# Bivariate distribution ... graphing example

Blog Post created by Dan_Patterson on Nov 12, 2016

A stats ditty... so I don't forget and some of you may be interested in graphics using MatPlotLib

Code for the above...written verbosely so you get the drift.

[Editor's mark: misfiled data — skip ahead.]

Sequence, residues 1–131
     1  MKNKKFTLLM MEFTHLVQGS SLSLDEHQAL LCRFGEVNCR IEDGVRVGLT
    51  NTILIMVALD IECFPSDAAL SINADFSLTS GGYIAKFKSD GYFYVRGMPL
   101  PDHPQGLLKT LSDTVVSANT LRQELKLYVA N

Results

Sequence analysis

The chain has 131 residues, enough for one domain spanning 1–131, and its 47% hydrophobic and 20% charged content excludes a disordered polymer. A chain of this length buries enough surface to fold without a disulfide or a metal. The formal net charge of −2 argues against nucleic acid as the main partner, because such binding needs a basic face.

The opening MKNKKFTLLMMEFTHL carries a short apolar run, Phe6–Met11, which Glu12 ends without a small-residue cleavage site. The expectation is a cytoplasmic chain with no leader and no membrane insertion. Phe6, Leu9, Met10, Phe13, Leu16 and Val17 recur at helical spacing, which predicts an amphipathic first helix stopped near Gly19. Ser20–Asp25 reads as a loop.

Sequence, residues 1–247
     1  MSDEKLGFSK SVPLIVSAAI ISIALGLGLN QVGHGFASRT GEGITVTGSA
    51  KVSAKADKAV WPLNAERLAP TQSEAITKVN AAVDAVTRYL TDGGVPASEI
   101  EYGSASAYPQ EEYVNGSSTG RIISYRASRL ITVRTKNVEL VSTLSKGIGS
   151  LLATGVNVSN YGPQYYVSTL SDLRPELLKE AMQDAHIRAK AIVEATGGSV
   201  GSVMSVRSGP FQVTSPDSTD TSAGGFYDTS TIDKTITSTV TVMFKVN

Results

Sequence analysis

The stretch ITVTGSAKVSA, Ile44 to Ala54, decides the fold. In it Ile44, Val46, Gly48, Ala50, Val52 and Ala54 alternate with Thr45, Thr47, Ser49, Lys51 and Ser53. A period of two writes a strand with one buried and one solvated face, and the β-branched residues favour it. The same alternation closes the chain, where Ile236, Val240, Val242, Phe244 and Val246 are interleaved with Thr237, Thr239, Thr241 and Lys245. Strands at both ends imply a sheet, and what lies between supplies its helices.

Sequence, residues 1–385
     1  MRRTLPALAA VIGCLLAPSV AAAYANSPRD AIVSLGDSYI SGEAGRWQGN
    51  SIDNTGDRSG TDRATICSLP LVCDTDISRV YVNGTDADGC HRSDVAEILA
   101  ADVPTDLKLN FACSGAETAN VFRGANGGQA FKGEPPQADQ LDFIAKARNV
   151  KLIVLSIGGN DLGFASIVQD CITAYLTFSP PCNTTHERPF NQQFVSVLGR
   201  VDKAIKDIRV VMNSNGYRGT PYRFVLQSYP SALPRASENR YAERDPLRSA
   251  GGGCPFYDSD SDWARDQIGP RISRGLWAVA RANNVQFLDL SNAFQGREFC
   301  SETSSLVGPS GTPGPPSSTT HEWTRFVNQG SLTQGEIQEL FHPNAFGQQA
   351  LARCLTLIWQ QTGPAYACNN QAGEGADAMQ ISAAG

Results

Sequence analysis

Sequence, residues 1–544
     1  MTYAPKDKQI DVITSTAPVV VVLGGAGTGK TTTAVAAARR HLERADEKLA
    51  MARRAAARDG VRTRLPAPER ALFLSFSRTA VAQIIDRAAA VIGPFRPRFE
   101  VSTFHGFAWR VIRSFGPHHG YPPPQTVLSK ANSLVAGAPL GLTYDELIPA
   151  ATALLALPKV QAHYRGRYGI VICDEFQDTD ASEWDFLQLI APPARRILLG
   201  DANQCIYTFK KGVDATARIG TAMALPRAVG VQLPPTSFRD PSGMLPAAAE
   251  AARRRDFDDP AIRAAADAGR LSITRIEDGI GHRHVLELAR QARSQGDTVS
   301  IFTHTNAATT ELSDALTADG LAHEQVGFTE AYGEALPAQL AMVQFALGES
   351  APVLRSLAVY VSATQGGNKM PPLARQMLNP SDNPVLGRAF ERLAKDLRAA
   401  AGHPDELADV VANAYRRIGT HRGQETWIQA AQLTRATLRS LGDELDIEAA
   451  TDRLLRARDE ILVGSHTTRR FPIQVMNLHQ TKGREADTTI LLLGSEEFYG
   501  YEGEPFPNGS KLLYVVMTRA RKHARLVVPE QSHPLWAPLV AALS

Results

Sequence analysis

``"""Script:    bivariate_normal.pyPath:      F:\A0_Main\Author:    Dan.Patterson@carleton.caCreated:   2015-06-06Modified:  2015-06-06  (last change date)Purpose:   To examine the affect of parameters on the bivariate distributionRequires:  numpy and matplot libNotes:   see help on (np.random.normal)  x = numpy.array([1, 2, 3])         # put in the values for the x values  y = numpy.array([10, 20, 30])   # ditto for y  XX, YY = numpy.meshgrid(x, y)   # make your 'mesh' which is the result  ZZ = XX + YY                    # in this case the sum of X and Y  ZZ => array([[11, 12, 13],               [21, 22, 23],               [31, 32, 33]])  >>> (X,Y) = meshgrid(x,y)     # actually Y  YY, XX = numpy.mgrid[10:40:10, 1:4]  # Y,X  ZZ = XX + YY # These are equivalent to the output of meshgrid  YY, XX = numpy.ogrid[10:40:10, 1:4] #  ZZ = XX + YY # These are equivalent to the atleast_2d example  which  XX, YY = numpy.atleast_2d(x, y)  YY = YY.T # transpose to allow broadcasting  ZZ = XX + YYReferences: many"""import numpy as npimport matplotlib.pyplot as pltnp.set_printoptions(edgeitems=3,linewidth=75,precision=2,                    suppress=True,threshold=10)# (1) make a floating point grid and get some stats#     100x100 grid cells numbered from top leftXs = np.arange(0., 100.1, 1) # as floatsYs = np.arange(0., 100.1, 1)Xc = Xs.mean();   Yc = Ys.mean()Xmin = Xs.min();  Xmax = Xs.max()Ymin = Ys.min();  Ymax = Ys.max()# (2) ....now do some work.... -----------------------------------------|X,Y = np.meshgrid(Xs,Ys)   # X, Y as a meshgridXX = X**2                  # square the Xout = 2*X + Y - 3.0        # do the spatial mathZ = X**2 + Y**2            # getting it now?        # (3) .... calculate the pdf -------------------------------------------|#   normal pdf/ellipserho = -0.5s_x = 60.0s_y = 45.0   # 4*3 ratio Xc,Yc = (50,50) stds at 2Std leveld_x = ((X-Xc)/s_x)d_y = ((Y-Yc)/s_y)rho2 = (1.0-rho**2)m_rsq = np.sqrt(rho2)lower = 2.0*(1-rho**2)                    # rho = 0 lower = 2upper = d_x**2 + d_y**2 - 2.0*rho*d_x*d_y # if rho= 0 drop last termleft = (1.0/(2.0*np.pi*s_x*s_y*m_rsq))f_xy = left**(upper/lower)# (4) .... make a figure -----------------------------------------------|fig = plt.figure(facecolor='white')ax = fig.add_subplot(1, 1, 1)plt.axis('equal')plt.axis([Xmin, Xmax, Ymax, Ymin]) # decreasing Yplt.set_cmap('Blues')cont = plt.contourf(Xs, Ys, f_xy, origin='upper')plt.title("Bivariate normal distribution")plt.xlabel("X ==>")plt.ylabel("<== Y")cbar = plt.colorbar(cont)cbar.ax.set_ylabel('values')lbl_r = "rho = {}\n2 std x\n1 std y".format(abs(rho))  # reverse rho since plotting -ve Yplt.text(0,20,lbl_r)#plt.show()plt.close()``

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